Bagpipe Peak

February 11, 2021


Squamish / Stawamus-Indian FSR, BC

“Bagpipe Peak” is the highest summit in Fanning Range that runs from Mt. Seymour all the way to Squamish but the name of this peak is unofficial and was randomly assigned by I’m not a fan of “bivouac names” but in this particular case the name has been reasonably adopted and used on the internet. This peak also boasts over 600 m prominence. The ascent of this peak is on the other hand, a rare feat, especially since the deactivation of Furry Creek and Mountain Lake Hut access. Just getting to Mountain Lake is not an easy fair these days and let along making a trek over to Bagpipe Peak. To get this peak as a day-trip required some creative thinking. Matt Juhasz proposed a route from Stawamus-Indian FSR that significantly shortened the distance but the forested travel required a thick snowpack to cover the bushes. Winter and spring would be the only feasible time. The only uncertainly was the status of the road but Matt had seen a report staying the road was “plowed”.

The original plan for this trip was actually Hixon Peak to take advantage of the road being “plowed” although I didn’t give a high hope on that. There were more than a few backup plans including Bagpipe Peak down on that road so I also didn’t worry about it neither. Matt and I left North Vancouver at around 6 am and got onto the Stawamus-Indian FSR just after daybreak. The road had a few patches of water ice near Shannon Creek FSR turn-off and then became compact snow after 400 m elevation. The road did seem to get reasonable amount of traffics with a lot of tire tracks. Another few kilometers later we realized this road was definitely not “plowed” but we also didn’t lose hope as the tire tracks continued. The tire tracks eventually stopped shortly after the pass at 850 m elevation so Hixon Peak was out. However, being able to drive to the pass had positioned us well for Bagpipe Peak. Matt had done a great job driving us there in his full sized truck. I don’t think my Tacoma would even have a chance on a few steep hills.

Bagpipe Peak from Stawamus-Indian FSR. GPX DL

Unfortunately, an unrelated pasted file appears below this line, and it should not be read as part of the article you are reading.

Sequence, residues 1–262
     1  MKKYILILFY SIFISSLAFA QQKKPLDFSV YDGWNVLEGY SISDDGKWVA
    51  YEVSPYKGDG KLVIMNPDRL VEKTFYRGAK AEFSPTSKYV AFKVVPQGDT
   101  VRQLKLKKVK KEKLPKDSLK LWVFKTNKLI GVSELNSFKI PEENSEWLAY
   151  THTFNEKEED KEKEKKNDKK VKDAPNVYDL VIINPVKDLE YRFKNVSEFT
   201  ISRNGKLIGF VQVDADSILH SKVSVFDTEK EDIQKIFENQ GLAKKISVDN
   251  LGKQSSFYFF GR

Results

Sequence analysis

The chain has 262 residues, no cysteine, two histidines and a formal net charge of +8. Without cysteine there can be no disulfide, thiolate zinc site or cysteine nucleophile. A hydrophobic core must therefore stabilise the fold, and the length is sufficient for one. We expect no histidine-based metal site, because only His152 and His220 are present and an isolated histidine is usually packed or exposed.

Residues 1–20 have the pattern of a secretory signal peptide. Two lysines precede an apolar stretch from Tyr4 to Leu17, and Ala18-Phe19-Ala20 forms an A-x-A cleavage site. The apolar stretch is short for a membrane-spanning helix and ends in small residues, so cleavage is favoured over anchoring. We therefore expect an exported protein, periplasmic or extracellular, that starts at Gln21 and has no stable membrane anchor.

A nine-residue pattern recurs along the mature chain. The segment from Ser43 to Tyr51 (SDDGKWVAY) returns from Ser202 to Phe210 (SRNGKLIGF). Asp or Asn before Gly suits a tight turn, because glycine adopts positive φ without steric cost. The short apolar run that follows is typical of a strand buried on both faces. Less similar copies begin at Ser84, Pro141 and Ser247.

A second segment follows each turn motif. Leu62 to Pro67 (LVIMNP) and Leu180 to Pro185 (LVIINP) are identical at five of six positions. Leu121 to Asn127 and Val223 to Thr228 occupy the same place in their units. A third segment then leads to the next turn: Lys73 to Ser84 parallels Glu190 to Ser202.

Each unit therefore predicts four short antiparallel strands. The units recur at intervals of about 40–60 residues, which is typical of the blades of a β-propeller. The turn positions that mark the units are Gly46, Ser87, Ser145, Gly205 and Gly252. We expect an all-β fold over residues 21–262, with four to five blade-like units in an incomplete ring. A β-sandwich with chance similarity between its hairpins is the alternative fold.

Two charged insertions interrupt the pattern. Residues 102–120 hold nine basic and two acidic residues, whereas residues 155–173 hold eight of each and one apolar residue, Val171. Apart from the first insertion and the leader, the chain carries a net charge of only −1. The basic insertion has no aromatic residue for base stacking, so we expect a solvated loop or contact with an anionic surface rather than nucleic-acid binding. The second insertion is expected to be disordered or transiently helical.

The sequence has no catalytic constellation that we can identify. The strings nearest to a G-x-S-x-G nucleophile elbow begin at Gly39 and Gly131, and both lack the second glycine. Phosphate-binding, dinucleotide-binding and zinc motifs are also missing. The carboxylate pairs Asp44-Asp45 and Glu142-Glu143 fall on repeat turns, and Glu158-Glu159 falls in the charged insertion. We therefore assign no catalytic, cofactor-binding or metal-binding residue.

The snowshoes were strapped on right from the truck. We followed a spur road for a short distance then ascended an open cut-block into some steep forest. The first stage of this route was to gain a bench traversing across the west side of a forested summit called “Thistle Peak” or “Maggie’s Bump”. This stretch had a few steep rolls that required some snowshoeing techniques as well as some route-finding. Once onto the bench we easily traversed/descended across the west side of that sub-peak towards some open meadows (covered in 3+ meters of snow) on the east side of Red Mountain. This traversing bench involved a few open slopes as well as close to 200 m of elevation loss. The plod to the base of Bagpipe Peak’s NW Ridge was longer than it looked with unavoidable micro-terrain and up-and-downs. We also discovered a few deep holes in the snow that resembled crevasses on a glacier…

Just an idea of the road condition to the pass. Definitely not plowed…

Matt’s Truck parked at the pass… 850 m elevation

Heading into the cut-block

Matt leading us into the steep forest

An obligatory shot of the morning sun beams through trees

From the edge of the old growth, looking back. Mt. Baldwin somewhere there

The typical going in the first few hundred meters of gain

A brief break from the unrelenting grunt

Me ascending a steep roll.

Matt climbing up the same roll

Our first view of Ledge Mountain, with Sky Pilot behind not visible

Me snowshoeing across one of the few open slopes on this traversing bench

Matt traversing another open slope with Red Mountain ahead

At this point we had descended down into the meadows area

Our objective – Bagpipe Peak ahead

Looking back at our tracks. This was the brief moment we got the sun

Me heading into another meadow with Ben Lomond ahead

Matt descending into this meadows zone

Looking back. There is a tarn here – officially named Stawamus Lake.